In Chinn v. Superior Court, 156 Cal. 478 [ 105 P. 580], a statute provided for the formation of an irrigation district, with the right of appeal to the superior court.Summary of this case from Laisne v. Cal. St. Bd. of Optometry
S.F. No. 5298.
November 19, 1909.
APPLICATION for a Writ of Mandate directed to the Superior Court of San Joaquin County.
The facts are stated in the opinion of the court.
Benj. F. Wulff, for Petitioners.
L.L. Dennett, for Defendant.
This is an original petition for a writ of mandate.
It appears from the petition for the writ that P.E. Lindstrom and others made application to the board of supervisors of San Joaquin County for the formation of an irrigation district in said county to be known as "The South San Joaquin Irrigation District." The application was made under the provisions of the act of 1897 (Stats. 1897, p. 254, Gen. Laws, p. 501), and such proceedings were had in the matter that on March 22, 1909, an order granting the application for the formation of the district was made by the board, and the objections of the petitioners for this writ against the inclusion of their lands within said district were overruled.
Section 4 of the Irrigation Act provides for an appeal directly to the superior court of the county from such order of the board of supervisors, said appeal to be taken and heard in the same manner as appeals from the justice's court to the superior court, with power conferred on the superior court to enter a judgment affirming, modifying, or reversing the order of the board of supervisors appealed from.
The present petitioners, being dissatisfied with the order made by the board of supervisors in the matter of the formation of said irrigation district, perfected an appeal to the superior court of San Joaquin County, in conformity to said section 4 of the act, and the matter coming up for hearing before said court the appeal was dismissed, the superior court holding that it had no jurisdiction to entertain it for the reason that the provision of the act attempting to confer appellate jurisdiction on the superior court, to entertain an appeal from the order of the board of supervisors, was unconstitutional and void.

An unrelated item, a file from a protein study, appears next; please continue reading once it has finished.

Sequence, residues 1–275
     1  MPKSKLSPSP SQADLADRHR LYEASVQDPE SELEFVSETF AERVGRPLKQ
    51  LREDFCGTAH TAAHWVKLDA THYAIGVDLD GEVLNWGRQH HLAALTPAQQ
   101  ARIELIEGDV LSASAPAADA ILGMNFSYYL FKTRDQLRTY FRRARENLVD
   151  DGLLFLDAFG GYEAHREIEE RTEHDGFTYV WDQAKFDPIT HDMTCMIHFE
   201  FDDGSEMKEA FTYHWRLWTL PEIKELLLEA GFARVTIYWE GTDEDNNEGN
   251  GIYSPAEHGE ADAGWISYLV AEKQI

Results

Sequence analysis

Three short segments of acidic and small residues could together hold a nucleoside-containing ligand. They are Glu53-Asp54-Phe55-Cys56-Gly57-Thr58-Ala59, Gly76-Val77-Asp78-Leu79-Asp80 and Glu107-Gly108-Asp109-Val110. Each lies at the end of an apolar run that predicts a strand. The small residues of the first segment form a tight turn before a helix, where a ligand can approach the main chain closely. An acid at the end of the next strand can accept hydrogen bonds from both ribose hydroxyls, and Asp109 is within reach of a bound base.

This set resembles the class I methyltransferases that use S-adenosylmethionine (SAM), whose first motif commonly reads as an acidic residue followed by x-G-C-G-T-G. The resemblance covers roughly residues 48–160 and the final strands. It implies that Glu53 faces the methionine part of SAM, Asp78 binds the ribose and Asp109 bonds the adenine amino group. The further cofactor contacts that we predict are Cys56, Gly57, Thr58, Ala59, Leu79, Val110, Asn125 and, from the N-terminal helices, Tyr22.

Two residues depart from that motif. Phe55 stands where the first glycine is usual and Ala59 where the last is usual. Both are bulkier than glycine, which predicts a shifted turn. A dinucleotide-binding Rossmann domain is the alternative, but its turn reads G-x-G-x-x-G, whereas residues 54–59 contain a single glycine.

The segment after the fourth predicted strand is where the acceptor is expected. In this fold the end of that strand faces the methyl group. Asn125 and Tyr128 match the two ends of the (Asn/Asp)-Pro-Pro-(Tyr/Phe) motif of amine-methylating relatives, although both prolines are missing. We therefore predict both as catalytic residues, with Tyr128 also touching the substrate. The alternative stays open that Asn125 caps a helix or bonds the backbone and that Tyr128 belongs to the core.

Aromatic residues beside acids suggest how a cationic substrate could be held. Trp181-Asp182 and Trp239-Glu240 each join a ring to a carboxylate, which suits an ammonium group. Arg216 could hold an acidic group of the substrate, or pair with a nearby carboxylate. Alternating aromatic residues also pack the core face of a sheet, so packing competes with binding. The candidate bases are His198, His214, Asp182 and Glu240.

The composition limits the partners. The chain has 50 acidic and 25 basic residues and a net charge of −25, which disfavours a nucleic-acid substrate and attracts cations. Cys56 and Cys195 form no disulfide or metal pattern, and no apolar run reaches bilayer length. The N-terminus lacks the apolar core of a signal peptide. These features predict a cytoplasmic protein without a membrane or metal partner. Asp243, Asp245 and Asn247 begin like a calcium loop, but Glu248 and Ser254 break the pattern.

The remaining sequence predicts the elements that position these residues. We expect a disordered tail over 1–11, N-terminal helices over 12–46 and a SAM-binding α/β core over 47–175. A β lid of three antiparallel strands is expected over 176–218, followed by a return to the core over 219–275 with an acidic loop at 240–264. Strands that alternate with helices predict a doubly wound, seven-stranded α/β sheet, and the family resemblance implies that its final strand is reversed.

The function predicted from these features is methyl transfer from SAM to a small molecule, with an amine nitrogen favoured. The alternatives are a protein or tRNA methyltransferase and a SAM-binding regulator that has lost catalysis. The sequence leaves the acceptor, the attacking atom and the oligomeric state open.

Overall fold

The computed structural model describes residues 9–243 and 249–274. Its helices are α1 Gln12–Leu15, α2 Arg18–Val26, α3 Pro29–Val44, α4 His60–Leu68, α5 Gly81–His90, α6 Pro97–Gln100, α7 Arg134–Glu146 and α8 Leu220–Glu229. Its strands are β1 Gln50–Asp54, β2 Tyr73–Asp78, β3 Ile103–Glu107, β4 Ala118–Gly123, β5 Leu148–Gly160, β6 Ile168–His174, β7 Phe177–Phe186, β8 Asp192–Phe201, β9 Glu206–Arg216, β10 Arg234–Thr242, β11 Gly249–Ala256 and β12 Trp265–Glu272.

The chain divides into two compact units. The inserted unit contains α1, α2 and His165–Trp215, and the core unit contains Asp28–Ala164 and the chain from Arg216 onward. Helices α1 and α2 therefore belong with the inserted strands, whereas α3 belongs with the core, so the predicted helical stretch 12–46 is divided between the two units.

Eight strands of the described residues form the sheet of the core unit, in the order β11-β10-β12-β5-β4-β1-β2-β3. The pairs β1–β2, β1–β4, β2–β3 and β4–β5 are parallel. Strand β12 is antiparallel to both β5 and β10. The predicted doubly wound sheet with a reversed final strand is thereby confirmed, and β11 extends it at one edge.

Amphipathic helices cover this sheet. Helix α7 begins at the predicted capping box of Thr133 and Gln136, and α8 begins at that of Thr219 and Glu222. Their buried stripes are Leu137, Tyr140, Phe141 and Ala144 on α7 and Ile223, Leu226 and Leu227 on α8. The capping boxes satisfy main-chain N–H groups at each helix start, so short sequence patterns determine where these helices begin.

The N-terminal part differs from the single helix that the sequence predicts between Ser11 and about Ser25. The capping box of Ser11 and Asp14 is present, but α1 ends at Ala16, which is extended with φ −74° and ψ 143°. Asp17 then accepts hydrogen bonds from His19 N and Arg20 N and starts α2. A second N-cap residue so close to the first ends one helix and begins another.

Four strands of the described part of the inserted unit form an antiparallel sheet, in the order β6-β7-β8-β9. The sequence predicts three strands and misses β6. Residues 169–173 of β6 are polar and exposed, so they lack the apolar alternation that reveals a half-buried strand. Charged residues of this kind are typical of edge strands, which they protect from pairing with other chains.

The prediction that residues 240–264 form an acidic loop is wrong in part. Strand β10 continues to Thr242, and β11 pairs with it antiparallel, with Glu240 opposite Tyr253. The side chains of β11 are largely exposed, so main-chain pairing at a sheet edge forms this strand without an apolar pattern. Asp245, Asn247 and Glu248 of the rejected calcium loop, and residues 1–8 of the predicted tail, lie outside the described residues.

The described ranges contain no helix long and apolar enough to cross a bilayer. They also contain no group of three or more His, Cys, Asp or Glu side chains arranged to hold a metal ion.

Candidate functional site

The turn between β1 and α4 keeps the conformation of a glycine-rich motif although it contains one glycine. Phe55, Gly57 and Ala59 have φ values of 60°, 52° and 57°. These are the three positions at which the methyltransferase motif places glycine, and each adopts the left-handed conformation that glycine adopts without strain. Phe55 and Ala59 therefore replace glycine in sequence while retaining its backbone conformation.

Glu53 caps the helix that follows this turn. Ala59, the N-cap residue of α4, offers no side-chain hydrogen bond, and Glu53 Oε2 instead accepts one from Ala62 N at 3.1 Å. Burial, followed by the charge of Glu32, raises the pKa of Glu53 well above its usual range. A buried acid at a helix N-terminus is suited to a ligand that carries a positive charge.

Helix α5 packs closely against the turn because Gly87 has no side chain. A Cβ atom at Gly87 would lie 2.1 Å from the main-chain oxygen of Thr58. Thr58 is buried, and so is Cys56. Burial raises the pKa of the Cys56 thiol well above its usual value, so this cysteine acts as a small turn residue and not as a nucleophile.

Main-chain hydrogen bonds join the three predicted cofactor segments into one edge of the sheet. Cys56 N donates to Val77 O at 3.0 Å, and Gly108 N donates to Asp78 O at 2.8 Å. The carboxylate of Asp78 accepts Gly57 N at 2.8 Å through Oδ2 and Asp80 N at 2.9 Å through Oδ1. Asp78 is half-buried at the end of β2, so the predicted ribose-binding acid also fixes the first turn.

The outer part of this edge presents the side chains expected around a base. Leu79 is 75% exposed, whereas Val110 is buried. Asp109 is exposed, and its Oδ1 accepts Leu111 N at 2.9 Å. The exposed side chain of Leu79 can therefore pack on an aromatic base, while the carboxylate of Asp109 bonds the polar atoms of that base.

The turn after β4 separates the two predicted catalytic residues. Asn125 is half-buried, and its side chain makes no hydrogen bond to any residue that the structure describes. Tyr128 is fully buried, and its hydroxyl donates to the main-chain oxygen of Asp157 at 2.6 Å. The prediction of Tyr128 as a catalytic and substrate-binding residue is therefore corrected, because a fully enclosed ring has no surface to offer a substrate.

The petitioners thereupon applied to this court for a writ of mandate to compel the respondent — the superior court of San Joaquin County — to proceed with a hearing and determination of said appeal. An alternative writ was issued, to which a demurrer was interposed, and the matter is submitted for decision on that demurrer.
It is provided by the constitution (art. VI, sec. 1) that the judicial power of the state shall be vested in the senate, in the supreme court, district courts of appeal, superior courts, justice of the peace, and "such inferior courts as the legislature may establish in any incorporated city or town, or city and county." Section 5 of the same article, after declaring in what cases the superior court shall have original jurisdiction, provides that they "shall have appellate jurisdiction in such cases arising in justices' and other inferior courts in their respective counties as may be prescribed by law."
It is a well-recognized principle that where the judicial power of courts, either original or appellate, is fixed by constitutional provisions, the legislature cannot either limit or extend that jurisdiction.